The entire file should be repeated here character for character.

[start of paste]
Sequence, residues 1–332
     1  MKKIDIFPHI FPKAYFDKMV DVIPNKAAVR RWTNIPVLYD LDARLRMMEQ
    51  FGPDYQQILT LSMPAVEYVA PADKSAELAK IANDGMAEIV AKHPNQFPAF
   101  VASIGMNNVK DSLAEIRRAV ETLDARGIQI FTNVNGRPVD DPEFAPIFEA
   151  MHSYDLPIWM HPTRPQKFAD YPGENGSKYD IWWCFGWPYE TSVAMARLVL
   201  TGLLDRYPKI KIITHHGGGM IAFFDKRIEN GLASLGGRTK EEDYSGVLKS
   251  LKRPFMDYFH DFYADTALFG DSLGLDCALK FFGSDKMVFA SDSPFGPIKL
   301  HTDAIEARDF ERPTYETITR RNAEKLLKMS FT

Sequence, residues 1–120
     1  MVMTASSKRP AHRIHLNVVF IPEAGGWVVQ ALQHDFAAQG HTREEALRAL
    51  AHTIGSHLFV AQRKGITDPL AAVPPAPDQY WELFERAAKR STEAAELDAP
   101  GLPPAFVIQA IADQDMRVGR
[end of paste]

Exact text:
Sequence, residues 1–332
     1  MKKIDIFPHI FPKAYFDKMV DVIPNKAAVR RWTNIPVLYD LDARLRMMEQ
    51  FGPDYQQILT LSMPAVEYVA PADKSAELAK IANDGMAEIV AKHPNQFPAF
   101  VASIGMNNVK DSLAEIRRAV ETLDARGIQI FTNVNGRPVD DPEFAPIFEA
   151  MHSYDLPIWM HPTRPQKFAD YPGENGSKYD IWWCFGWPYE TSVAMARLVL
   201  TGLLDRYPKI KIITHHGGGM IAFFDKRIEN GLASLGGRTK EEDYSGVLKS
   251  LKRPFMDYFH DFYADTALFG DSLGLDCALK FFGSDKMVFA SDSPFGPIKL
   301  HTDAIEARDF ERPTYETITR RNAEKLLKMS FT

Sequence, residues 1–120
     1  MVMTASSKRP AHRIHLNVVF IPEAGGWVVQ ALQHDFAAQG HTREEALRAL
    51  AHTIGSHLFV AQRKGITDPL AAVPPAPDQY WELFERAAKR STEAAELDAP
   101  GLPPAFVIQA IADQDMRVGR